||Fusicoccin and Air Pollutant Injury to Plants.
Olszyk, D. M. ;
Tingey, D. T. ;
||Corvallis Environmental Research Lab., OR. ;California Univ., Riverside. Statewide Air Pollution Research Center.
Air pollution ;
Sulfur dioxide ;
Tomato plants ;
Toxins and antitoxins ;
||Most EPA libraries have a fiche copy filed under the call number shown. Check with individual libraries about paper copy.
||Garden peas (Pisum sativum L. cv Alsweet) and a tomato mutant (Lycopersicon esculentum Mill. var flacca) were sprayed with fusicoccin, a fungal toxin affecting membrane transport properties, before exposure to SO2 or O3. Tomatoes treated with 10 micromolar fusicoccin and exposed to SO2 (0.7 to 1.0 microliter per liter for 2 hours) exhibited 2 to 6 times more injury than untreated plants exposed to SO2. Peas treated with fusicoccin and exposed to O3 had less injury than untreated plants exposed to O3 (0.1 to 0.3 microliter per liter for 2 hours). Several lines of evidence suggested that the fusicoccin inhancement of SO2 injury is not the result of increased gas exchange, i.e. the tomato mutant has permanently open stomata under all conditions, and in peas fusicoccin had no effect on SO2 or H2O flux in plants exposed to 0.12 microliter per liter SO2. However, a 21% greater leaf conductance in fusicoccin treated versus untreated plants indicated the possibility of some differences in gas exchange for peas exposed to 1.0 microliter per liter SO2. (Copyright (c) Plant Physiol 1984.)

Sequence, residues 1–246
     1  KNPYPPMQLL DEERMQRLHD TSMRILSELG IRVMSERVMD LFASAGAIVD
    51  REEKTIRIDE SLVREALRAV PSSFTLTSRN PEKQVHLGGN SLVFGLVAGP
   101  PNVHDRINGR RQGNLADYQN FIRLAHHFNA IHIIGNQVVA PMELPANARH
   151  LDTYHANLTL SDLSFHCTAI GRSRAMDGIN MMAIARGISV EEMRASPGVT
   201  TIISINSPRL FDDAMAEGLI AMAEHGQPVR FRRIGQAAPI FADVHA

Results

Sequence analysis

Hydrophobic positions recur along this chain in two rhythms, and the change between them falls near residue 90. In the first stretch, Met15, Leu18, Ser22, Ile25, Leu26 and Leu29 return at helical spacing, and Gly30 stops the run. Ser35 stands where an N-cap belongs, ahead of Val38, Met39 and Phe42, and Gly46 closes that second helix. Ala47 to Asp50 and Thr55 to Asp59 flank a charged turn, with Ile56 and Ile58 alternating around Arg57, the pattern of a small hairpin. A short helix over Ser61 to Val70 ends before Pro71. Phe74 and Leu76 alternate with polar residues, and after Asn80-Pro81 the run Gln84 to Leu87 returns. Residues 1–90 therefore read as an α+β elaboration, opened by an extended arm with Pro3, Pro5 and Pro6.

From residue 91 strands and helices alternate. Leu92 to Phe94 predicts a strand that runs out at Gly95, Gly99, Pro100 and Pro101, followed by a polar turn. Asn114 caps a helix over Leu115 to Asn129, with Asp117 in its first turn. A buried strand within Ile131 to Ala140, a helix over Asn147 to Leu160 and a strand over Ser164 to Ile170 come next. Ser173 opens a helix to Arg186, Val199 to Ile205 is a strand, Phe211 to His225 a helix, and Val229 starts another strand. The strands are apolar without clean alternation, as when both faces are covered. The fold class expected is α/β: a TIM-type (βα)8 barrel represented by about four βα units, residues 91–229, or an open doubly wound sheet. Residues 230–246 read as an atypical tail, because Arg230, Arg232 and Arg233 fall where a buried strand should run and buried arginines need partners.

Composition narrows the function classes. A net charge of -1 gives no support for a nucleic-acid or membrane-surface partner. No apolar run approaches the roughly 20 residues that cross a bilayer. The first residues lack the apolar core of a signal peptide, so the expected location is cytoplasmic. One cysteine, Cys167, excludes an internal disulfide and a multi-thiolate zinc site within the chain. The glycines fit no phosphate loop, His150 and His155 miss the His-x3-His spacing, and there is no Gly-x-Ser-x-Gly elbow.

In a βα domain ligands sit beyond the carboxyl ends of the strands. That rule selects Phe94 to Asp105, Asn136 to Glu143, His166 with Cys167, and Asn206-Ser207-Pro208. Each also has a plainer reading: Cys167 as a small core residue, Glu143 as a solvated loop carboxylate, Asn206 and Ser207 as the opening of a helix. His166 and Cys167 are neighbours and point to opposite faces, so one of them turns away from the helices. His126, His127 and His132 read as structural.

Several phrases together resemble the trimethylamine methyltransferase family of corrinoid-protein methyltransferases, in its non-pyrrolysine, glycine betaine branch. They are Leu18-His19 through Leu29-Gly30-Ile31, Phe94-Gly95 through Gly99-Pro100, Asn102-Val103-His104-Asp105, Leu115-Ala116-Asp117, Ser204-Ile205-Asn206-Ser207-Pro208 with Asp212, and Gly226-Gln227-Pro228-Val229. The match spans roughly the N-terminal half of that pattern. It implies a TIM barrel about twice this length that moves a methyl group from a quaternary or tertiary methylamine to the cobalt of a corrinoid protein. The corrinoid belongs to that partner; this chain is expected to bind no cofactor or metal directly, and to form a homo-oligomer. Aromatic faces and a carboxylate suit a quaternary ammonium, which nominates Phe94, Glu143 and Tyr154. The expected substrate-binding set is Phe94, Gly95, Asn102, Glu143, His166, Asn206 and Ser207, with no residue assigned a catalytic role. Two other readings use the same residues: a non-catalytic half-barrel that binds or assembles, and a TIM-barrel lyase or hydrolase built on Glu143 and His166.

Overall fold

||Prepared in cooperation with California Univ., Riverside. Statewide Air Pollution Research Center.
||Pub. in Plant Physiology, v76 p400-402 1984.
|NTIS Title Notes
||Reprint: Fusicoccin and Air Pollutant Injury to Plants.
|PUB Date Free Form
||2D; 68A; 98D
||Not available NTIS